Previous to the 1800s, advances in and applications of new, colorful mass printing and packaging processes, and the concept of a standardized product marketed using these advances, walking into an unfamiliar general store in order to acquire your favorite tobacco blend would have involved, first of all, knowing its recipe; the proprietor would be carrying staple components, perhaps a few prepared blends he put together for local demand, and all in nondescript bundles or jars. If you did manage to get what you were after, it would be handed over to you wrapped in, as likely as not, last-month's newspaper. There was no asking for a tin of Capstan, because the idea of "a tin of" anything guaranteed the same in London as it was in New York hadn't really arrived yet -- nor, for that matter, the idea of a name-brand, iconic consumable like Capstan. The arrival of distinctive, yet affordable packaging and advertising materials, as well as inventions such as efficient cigarette rolling machines (which transformed cigarettes from luxury items of the well-heeled, to something soldiers, sailors, and day-laborers could afford) changed all this, allowing tobacco producers and importers to broaden their markets, engage in far-flung competition with each other, and grow products into household names.
Of course, all this hullabaloo of "brands" and "advertising" was met by Victorian sensibilities with more than a little scoffing at first -- it all seemed a bit improper. Trade should be seen, not heard, or more accurately, it should exist, but not insist on making itself seen in such a bold manner. Nonetheless, there was no putting that genie back in its bottle, and in Britain this new entrepreneurism saw the establishment of such popular names as Ogden's, Wills, and Player's, brands that succeeded in gaining the loyal custom of British subjects high and low alike, all of whom now in turn could walk into any general goods store worth its salt, request their favorite blend by name, and receive a recognizable, branded package which assured the consumer that it was, indeed, just what they wanted. Measuring, weighing, the precise recipe of a particular smoking mixture; all were handled by a combination experts, specialized labor, and automation -- and all by the producer whose name marked the product. Colorful, stylized packaging kept life difficult for any prospective counterfeiters.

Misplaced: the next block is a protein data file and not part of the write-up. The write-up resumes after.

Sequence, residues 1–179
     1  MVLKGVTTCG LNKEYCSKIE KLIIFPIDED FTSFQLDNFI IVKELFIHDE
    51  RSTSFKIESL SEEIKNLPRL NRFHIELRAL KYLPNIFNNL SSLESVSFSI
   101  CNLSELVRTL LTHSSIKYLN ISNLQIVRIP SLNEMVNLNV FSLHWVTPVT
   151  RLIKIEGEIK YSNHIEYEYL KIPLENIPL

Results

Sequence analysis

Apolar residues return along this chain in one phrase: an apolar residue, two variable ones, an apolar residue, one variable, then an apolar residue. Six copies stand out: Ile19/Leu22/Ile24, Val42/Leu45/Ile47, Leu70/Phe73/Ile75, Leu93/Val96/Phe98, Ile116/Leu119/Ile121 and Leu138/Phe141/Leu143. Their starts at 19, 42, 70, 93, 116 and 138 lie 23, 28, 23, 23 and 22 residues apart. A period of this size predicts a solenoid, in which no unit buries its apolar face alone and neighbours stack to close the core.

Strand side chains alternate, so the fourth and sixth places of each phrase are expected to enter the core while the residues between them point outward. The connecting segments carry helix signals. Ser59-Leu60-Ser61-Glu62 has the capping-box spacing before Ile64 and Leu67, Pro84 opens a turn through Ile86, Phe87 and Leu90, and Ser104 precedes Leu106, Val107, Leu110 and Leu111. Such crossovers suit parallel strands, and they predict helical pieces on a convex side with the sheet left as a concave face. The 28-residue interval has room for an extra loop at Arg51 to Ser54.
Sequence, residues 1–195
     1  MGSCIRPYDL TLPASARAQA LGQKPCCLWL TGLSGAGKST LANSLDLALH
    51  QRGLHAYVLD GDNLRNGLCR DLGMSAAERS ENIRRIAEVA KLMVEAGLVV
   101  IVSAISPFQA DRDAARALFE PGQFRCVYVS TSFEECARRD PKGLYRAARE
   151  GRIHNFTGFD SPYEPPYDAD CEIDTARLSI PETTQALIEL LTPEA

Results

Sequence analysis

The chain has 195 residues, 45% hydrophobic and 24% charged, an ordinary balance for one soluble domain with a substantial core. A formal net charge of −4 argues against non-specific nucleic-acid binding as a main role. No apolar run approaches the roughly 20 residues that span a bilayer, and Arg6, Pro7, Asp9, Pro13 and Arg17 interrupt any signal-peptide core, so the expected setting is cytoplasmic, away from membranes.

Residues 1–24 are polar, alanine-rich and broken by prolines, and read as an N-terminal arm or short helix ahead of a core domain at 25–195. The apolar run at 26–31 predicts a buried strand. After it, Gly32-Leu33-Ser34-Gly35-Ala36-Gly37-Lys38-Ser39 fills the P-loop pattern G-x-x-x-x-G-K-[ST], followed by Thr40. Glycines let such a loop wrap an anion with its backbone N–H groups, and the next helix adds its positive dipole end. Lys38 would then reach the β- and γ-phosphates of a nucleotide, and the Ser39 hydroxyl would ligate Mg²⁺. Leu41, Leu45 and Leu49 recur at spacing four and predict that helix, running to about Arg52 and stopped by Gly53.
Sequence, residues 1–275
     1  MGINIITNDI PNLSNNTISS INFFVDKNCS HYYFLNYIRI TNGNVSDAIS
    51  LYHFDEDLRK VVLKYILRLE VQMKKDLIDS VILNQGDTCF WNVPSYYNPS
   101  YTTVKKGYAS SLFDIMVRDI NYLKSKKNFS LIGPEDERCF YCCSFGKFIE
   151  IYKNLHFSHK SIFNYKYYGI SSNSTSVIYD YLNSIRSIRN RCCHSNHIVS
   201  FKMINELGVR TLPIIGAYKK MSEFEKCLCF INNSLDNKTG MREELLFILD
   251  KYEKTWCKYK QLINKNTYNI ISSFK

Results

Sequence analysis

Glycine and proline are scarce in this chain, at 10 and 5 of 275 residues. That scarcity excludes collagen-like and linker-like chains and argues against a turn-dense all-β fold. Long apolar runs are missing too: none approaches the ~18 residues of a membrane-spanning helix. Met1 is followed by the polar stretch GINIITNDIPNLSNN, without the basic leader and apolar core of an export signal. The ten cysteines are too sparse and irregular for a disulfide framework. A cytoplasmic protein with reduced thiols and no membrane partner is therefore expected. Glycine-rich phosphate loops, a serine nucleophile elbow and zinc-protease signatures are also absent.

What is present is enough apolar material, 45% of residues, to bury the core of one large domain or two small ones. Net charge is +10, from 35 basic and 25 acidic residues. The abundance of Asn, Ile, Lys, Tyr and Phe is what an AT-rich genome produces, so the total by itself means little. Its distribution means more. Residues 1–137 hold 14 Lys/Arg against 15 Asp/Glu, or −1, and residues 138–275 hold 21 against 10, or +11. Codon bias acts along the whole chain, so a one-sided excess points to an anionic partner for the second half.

Along with all these boons to producers and consumer alike, however, there did come also the inevitability of a new and daunting challenge to those who'd made their mark: challengers from abroad, a prospect made possible by the very same technological and marketing advances. The prospect of shared competition with outside parties has a way of breeding cooperation, however; it's the mechanism of mutual benefit through which concepts such as "team sports", "family", and "civilization" are created. That same prospect, and mechanism, would lead to the creation of Imperial Tobacco in 1901.
For years the heads of several British blenders had been making grumblings regarding the possibility of the large and highly modernized American Tobacco Company setting foot upon their shores, but it wasn't until A.T.C.'s purchase of Ogden as a foothold into the native market that they snapped to attention. Once the news spread, however, they didn't dally. John Player & Sons, W.D. & H.O. Wills, J. & F. Bell, and nearly a dozen other British family-owned blenders promptly joined together as Imperial, sharing resources to form their own juggernaut of commerce. Soon to follow was an intense nine-month long clash of marketing and maneuvering by both American and British parties, until Imperial finally positioned themselves to begin invading the American market. At that, the dust settled. A.T.C. called "good game", and, surprisingly enough, both came to an agreement to work together: A.T.C. would market Imperial's blends in the US, and Imperial would do the same for A.T.C. in Britain. The Ogden "foothold" would rejoin their fellow Brits as part of Imperial. This cooperative venture, the British-American Tobacco Company, would last until 1911, when the Americans once more decided to go their own way. Imperial, however hastily-formed as it may have been, would go on to become the defining shaper of the British tobacco culture.
Wills' Capstan blends and Bell's Three Nuns, in particular, were blends that would take on iconic status, boosted in no small part by their being favorites of J.R.R. Tolkien and his friend and fellow writer C.S. Lewis, respectively. In more recent decades there has however been one rather glaring difficulty for many of those who may fondly recall these old favorites, or who have simply wished to try them: they haven't been available in the US. These legendary blends may have survived intact for generations, pipe-men and pipe-women this side of the Atlantic have known they were still out there, but they were just that: out there. Far, far away, and generally equal parts costly and difficult to bring here, where we could actually smoke them.
Well, no more. That's all changed -- as many of you already know, Imperial, who still retains the rights to these smoking mixtures harkening back to the very birth of name-brand blends as we now know them, has now entrusted their formulas to Mac Baren. And Mac Baren has entrusted us, in turn for the time being, to reintroducing them to you. Very soon five new tins -- Capstan Original (Blue) Flake and Ready Rubbed, Capstan Gold Flake and Ready Rubbed, and Bell's Three Nuns-- will arrive at Smokingpipes.com's doorstep. They'll have traveled a long road to get here, again, but we expect it will only make that first bowl all the sweeter.